My final forgotten shrub is another old faithful, Leonotis leonurus, sometimes called lion's tail or lion's ear. I have known this plant almost all my life, because it grew in my family's garden for many years, my mother being particularly fond of its vibrant-coloured blooms. An evergreen South African plant (ht 1.8 m), it flourishes in our climate. Thin, pungent-smelling leaves provide the backdrop to spires of velvety, orange flower clusters in late summer and autumn. Canna 'Tropicanna', with its orange-marked foliage is an excellent planting companion for lion's tail. There is also a white-flowered Leonotis leonurus, which pairs well with white-variegated foliage plants such as Miscanthus sinensis 'Variegatus' (shown at the start of the blog). Leonotis can be cut back hard in late winter. It grows best in full sun but can also cope with a bit of shade. It dislikes hard frosts. It needs no special treatment.

I hope all readers enjoyed cooler temperatures and some rain in their gardens over the past week. Amazing how one's gardening enthusiasm returns under such conditions!

Reader Comments

  • By Kerrie 2104 (Zone:10 - Warm Temperate) Monday, 05 February 2018

    I bought Leonotis leonurus last year & put in my garden. It"s really taken off & is almost 2 metres already. The flowers are just beautiful ! Thanks, Kerrie; glad you are enjoying the plant. Deirdre

  • By Sue T. 2566 (Zone:10 - Warm Temperate) Monday, 05 February 2018

    I have not so fond memories of of Leonotus leonurus.I once had a huge clump the orange flowered form hich proved extremely difficult to remove. Attempts to grow the white form, including bringing home a cutting in a lunch box from Taronga Zoo, were not succesful. Thanks for reminding us of these old faithfuls. Aargh, that does sound a bit daunting trying to get that big one out. I have generally replaced them every few years as they get woody and less floriferous (as with many shrubby perennials, including my many salvias). The white one seems less expansive. Deirdre

  • By margaret 2122 (Zone:10 - Warm Temperate) Tuesday, 06 February 2018

    Both forms of Leonotus are vigorous, and do self-seed, but can be controlled. Although probably a small tree, crepe myrtle is my favourite summer plant, with its beautiful flowers, silvery bark, and it is loved for its seeds, by the parrots. Abutilons are flowering profusely, along with the abelias. Sarcocca resicfolia is not known to me, but it sounds great. I have Ruscus aculeatus, (given to me as the "blowfly plant), but situated in the sun, so am about to move it to shade. Thanks, Margaret. Interesting that your Ruscus was given to you as the blowfly plant -- mine was given to me as the insect plant! Whatever its common name, it is intriguing, and such a good doer in dry shade for nice evergreen foliage throughout the year. Deirdre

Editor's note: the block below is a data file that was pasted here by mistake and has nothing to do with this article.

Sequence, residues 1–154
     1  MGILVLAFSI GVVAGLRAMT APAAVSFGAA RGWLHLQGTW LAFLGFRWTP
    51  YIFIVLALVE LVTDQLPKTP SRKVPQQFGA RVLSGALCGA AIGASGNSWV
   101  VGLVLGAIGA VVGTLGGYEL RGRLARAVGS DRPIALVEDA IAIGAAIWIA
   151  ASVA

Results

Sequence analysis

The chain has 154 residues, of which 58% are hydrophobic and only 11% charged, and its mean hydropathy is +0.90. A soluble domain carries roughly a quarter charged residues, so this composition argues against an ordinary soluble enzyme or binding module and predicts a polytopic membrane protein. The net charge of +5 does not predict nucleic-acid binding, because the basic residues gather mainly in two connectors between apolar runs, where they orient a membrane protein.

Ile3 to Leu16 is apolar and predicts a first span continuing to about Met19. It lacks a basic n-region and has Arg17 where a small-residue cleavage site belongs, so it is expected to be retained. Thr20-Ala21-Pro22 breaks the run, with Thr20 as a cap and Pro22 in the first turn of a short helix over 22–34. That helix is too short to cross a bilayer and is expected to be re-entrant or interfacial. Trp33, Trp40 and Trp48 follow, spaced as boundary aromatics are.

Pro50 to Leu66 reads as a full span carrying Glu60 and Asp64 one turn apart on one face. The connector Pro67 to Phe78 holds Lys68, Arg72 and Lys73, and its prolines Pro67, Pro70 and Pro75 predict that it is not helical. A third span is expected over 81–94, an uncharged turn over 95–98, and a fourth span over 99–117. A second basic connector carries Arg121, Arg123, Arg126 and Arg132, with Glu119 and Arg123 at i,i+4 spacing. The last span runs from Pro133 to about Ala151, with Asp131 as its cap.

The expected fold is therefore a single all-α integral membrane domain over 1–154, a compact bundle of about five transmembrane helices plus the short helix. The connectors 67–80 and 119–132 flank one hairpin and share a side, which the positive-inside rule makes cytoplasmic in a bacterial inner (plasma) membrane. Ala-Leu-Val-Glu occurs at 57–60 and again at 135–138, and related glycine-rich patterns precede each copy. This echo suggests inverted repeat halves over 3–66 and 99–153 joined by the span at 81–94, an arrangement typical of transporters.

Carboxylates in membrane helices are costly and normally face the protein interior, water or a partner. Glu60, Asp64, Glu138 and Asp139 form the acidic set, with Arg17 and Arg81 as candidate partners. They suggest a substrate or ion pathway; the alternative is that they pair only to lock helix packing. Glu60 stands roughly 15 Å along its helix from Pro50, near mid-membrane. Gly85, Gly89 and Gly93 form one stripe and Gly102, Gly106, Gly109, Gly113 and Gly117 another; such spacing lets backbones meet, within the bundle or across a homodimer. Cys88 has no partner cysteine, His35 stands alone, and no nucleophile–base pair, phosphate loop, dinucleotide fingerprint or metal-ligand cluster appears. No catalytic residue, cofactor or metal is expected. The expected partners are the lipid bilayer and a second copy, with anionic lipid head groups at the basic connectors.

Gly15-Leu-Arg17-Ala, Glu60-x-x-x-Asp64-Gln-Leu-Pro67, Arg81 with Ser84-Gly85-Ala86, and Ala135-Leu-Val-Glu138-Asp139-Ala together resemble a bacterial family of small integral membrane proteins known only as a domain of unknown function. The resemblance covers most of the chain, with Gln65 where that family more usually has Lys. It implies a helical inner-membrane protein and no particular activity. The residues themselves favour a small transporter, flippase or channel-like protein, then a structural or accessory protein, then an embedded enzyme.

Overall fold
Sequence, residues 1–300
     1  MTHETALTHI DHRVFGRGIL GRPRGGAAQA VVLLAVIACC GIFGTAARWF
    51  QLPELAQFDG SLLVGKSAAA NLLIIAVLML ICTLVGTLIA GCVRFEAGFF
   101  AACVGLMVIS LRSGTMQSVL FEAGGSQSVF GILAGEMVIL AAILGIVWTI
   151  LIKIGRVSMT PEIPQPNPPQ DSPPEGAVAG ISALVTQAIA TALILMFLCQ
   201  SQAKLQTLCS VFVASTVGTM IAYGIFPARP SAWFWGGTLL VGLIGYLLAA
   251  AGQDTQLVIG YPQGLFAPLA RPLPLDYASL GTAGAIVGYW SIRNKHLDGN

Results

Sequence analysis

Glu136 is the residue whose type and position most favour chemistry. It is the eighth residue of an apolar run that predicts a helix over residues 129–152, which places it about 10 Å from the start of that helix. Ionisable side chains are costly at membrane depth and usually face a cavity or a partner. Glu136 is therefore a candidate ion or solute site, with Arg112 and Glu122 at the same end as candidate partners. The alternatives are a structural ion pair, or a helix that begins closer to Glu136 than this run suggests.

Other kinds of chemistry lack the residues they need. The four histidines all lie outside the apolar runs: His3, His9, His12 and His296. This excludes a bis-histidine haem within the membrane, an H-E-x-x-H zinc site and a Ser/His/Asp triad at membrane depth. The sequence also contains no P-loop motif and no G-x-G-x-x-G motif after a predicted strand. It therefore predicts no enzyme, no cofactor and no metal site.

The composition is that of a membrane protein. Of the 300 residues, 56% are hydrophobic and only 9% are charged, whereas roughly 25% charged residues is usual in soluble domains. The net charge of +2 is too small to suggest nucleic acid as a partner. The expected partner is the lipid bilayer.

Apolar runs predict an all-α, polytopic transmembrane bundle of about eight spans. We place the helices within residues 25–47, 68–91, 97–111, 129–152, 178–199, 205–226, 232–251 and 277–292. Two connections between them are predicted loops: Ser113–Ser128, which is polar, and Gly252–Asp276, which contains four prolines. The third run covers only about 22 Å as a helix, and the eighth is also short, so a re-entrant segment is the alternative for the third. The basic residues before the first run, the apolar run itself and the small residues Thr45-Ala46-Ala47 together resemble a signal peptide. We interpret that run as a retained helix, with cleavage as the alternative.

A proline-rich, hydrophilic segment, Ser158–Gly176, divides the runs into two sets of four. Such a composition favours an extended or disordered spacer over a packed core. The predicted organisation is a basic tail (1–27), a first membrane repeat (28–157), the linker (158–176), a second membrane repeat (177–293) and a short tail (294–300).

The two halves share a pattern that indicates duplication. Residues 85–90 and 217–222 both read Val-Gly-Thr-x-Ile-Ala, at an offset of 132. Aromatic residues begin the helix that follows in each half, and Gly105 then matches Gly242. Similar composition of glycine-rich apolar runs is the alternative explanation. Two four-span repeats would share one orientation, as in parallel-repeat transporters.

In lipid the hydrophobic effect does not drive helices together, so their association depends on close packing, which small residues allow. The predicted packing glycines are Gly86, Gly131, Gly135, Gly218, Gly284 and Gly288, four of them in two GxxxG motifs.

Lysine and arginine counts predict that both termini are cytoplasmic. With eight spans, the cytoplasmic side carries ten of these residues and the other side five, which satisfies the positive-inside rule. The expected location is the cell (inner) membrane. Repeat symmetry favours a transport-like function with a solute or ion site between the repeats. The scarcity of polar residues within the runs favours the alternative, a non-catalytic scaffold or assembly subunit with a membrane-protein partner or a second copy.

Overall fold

• By Roger 2121 (Zone:10 - Warm Temperate) Thursday, 08 February 2018

    Hello Deirdre, I"m enjoying reading your blog each week. I remember my father had the orange form of Leonotis growing in his garden in New Zealand for many years, it was one of his favourites. Abelia is a shrub I didn"t like for many years, too plain somehow, but now I have two large ones and have come to appreciate their long flowering period and popularity with the bees. I too dismissed Amelia for being a bit ordinary, for a long time; but I now have a greater appreciation for tough and undemanding shrubs like these! Deirdre

  • By Sue T. 2566 (Zone:10 - Warm Temperate) Thursday, 08 February 2018

    I had Ruscus aculeatus years ago. i knew it then as Butcher"s Broom. Thanks, Sue; I had forgotten that name! Deirdre

  • By Angus 2750 (Zone:10 - Warm Temperate) Friday, 16 February 2018

    I have both the white and orange Leonotus on either side of a Canna "Cattleya" which is yellow splashed with orange. The combination looks fresh even when the Canna is not in flower the leaves contrast with the finer leaves of the Leonotus

  • By Kerrie 2104 (Zone:10 - Warm Temperate) Monday, 19 February 2018

    On a different theme, i finally got to the delightful Ivy Alley at Hunters Hill! Spent a good hour & a half chatting with the lovely Rachel about art & plants & exploring all the gorgeous little nooks of this amazing place. Came home with a few nice bits & pieces. Thanks for telling us about this special place Deidre!